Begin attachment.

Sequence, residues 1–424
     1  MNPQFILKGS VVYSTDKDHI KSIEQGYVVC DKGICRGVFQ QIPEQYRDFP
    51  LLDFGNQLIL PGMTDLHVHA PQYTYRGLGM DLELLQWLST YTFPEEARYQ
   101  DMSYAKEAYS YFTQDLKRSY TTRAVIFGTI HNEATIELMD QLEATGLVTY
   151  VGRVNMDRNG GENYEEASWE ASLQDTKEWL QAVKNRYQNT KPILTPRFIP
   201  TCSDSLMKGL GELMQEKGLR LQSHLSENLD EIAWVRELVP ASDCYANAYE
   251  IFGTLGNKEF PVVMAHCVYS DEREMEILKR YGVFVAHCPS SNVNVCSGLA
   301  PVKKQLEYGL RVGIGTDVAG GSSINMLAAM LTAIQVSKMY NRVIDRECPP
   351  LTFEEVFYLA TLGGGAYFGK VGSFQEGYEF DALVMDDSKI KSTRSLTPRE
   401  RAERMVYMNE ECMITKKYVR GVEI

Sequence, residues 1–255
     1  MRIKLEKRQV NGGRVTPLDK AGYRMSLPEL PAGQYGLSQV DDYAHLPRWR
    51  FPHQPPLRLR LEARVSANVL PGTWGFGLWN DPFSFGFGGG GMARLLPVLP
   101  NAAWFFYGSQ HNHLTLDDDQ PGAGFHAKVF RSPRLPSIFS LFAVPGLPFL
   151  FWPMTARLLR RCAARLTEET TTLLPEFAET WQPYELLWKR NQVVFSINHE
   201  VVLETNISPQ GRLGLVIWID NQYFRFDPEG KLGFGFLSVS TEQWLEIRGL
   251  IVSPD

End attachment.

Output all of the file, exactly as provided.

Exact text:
Sequence, residues 1–424
     1  MNPQFILKGS VVYSTDKDHI KSIEQGYVVC DKGICRGVFQ QIPEQYRDFP
    51  LLDFGNQLIL PGMTDLHVHA PQYTYRGLGM DLELLQWLST YTFPEEARYQ
   101  DMSYAKEAYS YFTQDLKRSY TTRAVIFGTI HNEATIELMD QLEATGLVTY
   151  VGRVNMDRNG GENYEEASWE ASLQDTKEWL QAVKNRYQNT KPILTPRFIP
   201  TCSDSLMKGL GELMQEKGLR LQSHLSENLD EIAWVRELVP ASDCYANAYE
   251  IFGTLGNKEF PVVMAHCVYS DEREMEILKR YGVFVAHCPS SNVNVCSGLA
   301  PVKKQLEYGL RVGIGTDVAG GSSINMLAAM LTAIQVSKMY NRVIDRECPP
   351  LTFEEVFYLA TLGGGAYFGK VGSFQEGYEF DALVMDDSKI KSTRSLTPRE
   401  RAERMVYMNE ECMITKKYVR GVEI

Sequence, residues 1–255
     1  MRIKLEKRQV NGGRVTPLDK AGYRMSLPEL PAGQYGLSQV DDYAHLPRWR
    51  FPHQPPLRLR LEARVSANVL PGTWGFGLWN DPFSFGFGGG GMARLLPVLP
   101  NAAWFFYGSQ HNHLTLDDDQ PGAGFHAKVF RSPRLPSIFS LFAVPGLPFL
   151  FWPMTARLLR RCAARLTEET TTLLPEFAET WQPYELLWKR NQVVFSINHE
   201  VVLETNISPQ GRLGLVIWID NQYFRFDPEG KLGFGFLSVS TEQWLEIRGL
   251  IVSPD